Why is spatial orientation important for a child's development?

Spatial orientation is one of the key capacities which must be mature if a child is to learn to read and write easily. The early childhood movement patterns like rolling, creeping, crawling, rocking and later walking, running, climbing, swinging all build a sensory “map” in the child’s brain of where he is in space at any particular time.

How can I encourage my child to develop their spatial orientation?

A young child will explore first his cot, the living room floor, the house, the yard and then the neighbourhood. By 5-6 years, the child has enough information and experience stored to enable him to run, jump, hop and skip forwards and backwards at will. He can climb trees, roll down hills, possibly ride a bike and jump on a trampoline without falling off. Engaging in these activities help our children to find out where they end and where the world begins (sometimes a painful lesson!).

Spatial learning must be experienced over and over again until it is internalised and automatic. Then when the child enters school and is learning to write and read, he or she will be able to quickly remember which way in two dimensional space (on paper) the sticks and balls need to go on the page go to make the different letters. For example p, b, q  and d are all very similar, and difficult to tell apart unless the child has good spatial orientation. 

What happens when a child has poor spatial orientation?

Children presenting at our clinic with dyslexia (difficulty with spelling and reading ) invariably have poorly developed spatial orientation. This will result in reversals of letters which persist after the age of 7, and poor memory for the shapes of words. Requiring such a child to do more and more of the tasks he already struggles with (reading, writing and spelling) without fixing the underlying cause is like asking him to keep banging his head against the wall.

How do I get help if I think my child has poor spatial orientation?

Whatever the reason for his delay, the good news is that because the brain is so plastic and malleable it is possible to revisit all of the early childhood movement patterns. The child then has a second chance to develop his spatial orientation and enable him to learn more easily. At the Developmental Learning Centre, we offer two therapies that can assist with the improvement of a child's spatial orientation:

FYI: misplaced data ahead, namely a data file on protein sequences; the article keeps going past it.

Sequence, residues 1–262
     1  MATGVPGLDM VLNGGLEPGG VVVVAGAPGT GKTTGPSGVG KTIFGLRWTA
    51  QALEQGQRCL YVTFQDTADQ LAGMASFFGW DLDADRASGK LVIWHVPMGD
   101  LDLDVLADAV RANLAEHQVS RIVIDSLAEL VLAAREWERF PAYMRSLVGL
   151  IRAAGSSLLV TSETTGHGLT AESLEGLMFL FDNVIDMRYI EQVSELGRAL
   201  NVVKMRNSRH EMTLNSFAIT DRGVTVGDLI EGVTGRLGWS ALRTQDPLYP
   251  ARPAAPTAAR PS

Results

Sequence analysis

Developmental Movement Therapy

Can you imagine trying to build a house without putting in a firm foundation? Trying to remediate a child with dyslexia who simply does not have the equipment (wiring) and foundation (mature neurological system, good spatial awareness, listening skills and visual perception) for their “house of learning” is very difficult. 

At the Developmental Learning Centre, we believe our first task is to in address the underlying immaturities and develop a good neurological foundation. To do this we use Developmental Movement Therapy (Extra LessonTM).  Central to this therapy is the idea that learning and behavioural difficulties are a result of developmental issues in a child’s early years. This means they may not have received some of the sensory input they needed that form the basis of our learning processes. By repeating early childhood movement patterns, we are able to ‘rewire’ brain and rebuild the pathways and foundation of learning.

Click here to learn more about Developmental Movement Therapy and the amazing results it can have by reading our testimonials here.

Auditory Retraining Therapy

If your child has dyslexia, it may also be a result of an auditory processing difficulty or disorder, and they will be likely to benefit from Auditory Retraining Therapy. This therapy uses filtered music to mature the pathways in the brain needed to recognise different sounds when reading and spelling and to process spoken language quickly and efficiently. Music therapy is also used to treat children who are easily overwhelmed, hypersensitive and anxious, and have difficulty regulating their emotions.

It is relatively new and is not used by audiologists and speech and language therapist in NZ  as a rule. In fact your GP, your audiologist and your speech and language therapist may not have heard of it. However it has been in existence for approximately 40 years. It was developed by a French ear nose and throat specialist, Dr Alfred Tomatis ( ) and is incredibly effective for children with auditory dyslexia.

You can learn more about Auditory Retraining Therapy and the amazing results it can have by reading our testimonials here.

Does your child display poor spatial orientation?

Call 0800 543 399 or Request a free call back with the Developmental Learning Centre to understand if how your child could benefit from our natural and holistic therapies.